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Nicholas Cheung
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Dear Cay and Gary,

Among those new features from Tiger, which feature(s) is(are) impressed you most? And which feautres you feel the most disappointed?

Nick
 
Cay Horstmann
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The two features that I use all the time are
  • generic collections
  • the "for each" loop

  • I like these a lot. For example, look at



    You can see right away that what the ArrayList contains. No more guesswork.
    And you can see right away that the loop traverses the entire list. No more
    checking for < vs. <= at the bounds.

    To me, the four biggest disappointments are:
  • the name Java 2 Standard Edition Software Development Kit 5.0.
  • because of type erasure, reflection works poorly for generics
  • Auto-boxing doesn't go far enough. With a couple more changes, ints would have become indistinguishable from Integers, and we could have left it to the virtual machine to optimize them
  • annotations can't reduce the drudgery of implementing properties

  • Cay
     
    Nicholas Cheung
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    Thus, among the above *issues*, would you expect that Dragon will fix some of them? or Dragon will go further for autoboxing? Any major changes that would be forseen?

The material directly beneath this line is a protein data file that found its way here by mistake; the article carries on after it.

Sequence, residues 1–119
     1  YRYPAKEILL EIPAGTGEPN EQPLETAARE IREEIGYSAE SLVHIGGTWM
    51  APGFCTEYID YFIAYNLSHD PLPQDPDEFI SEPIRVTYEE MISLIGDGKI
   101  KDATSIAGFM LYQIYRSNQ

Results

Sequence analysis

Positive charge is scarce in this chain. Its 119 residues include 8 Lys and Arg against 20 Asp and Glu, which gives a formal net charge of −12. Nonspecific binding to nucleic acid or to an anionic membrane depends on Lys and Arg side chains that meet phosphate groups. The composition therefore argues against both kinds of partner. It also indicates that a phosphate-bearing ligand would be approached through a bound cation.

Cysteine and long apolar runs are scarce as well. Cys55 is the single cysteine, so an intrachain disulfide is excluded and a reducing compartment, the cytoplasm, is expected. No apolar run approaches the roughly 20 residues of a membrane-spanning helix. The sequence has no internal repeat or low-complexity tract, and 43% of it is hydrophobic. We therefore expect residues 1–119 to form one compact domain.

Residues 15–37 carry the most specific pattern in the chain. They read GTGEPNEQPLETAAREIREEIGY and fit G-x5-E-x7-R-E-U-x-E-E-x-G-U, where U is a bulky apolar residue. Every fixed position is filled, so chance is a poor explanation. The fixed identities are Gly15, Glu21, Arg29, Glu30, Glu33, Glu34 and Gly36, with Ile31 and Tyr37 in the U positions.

Nick
     
    Nicholas Cheung
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    In addition, for generic, although we dont need to cast the objects, and for the for-loop, we dont need the size(), however, do these features highly affect the performance?

    As I know, in fact, the effort for casting and counting is NOT disappeared, they just shift from the developer side to the compiler side, isnt it?

    Nick
     
    Cay Horstmann
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    You ask about performance of the "for each" loop. The performance is EXACTLY the same as if you had written an explicit loop. Actually,



    is the same as



    You can check this out by running javap and studying the byte codes.

    The only advantage of the "for each" loop is that programmers have to read less boilerplate code. That's a very good thing, IMO.

    Cheers,

    Cay
     
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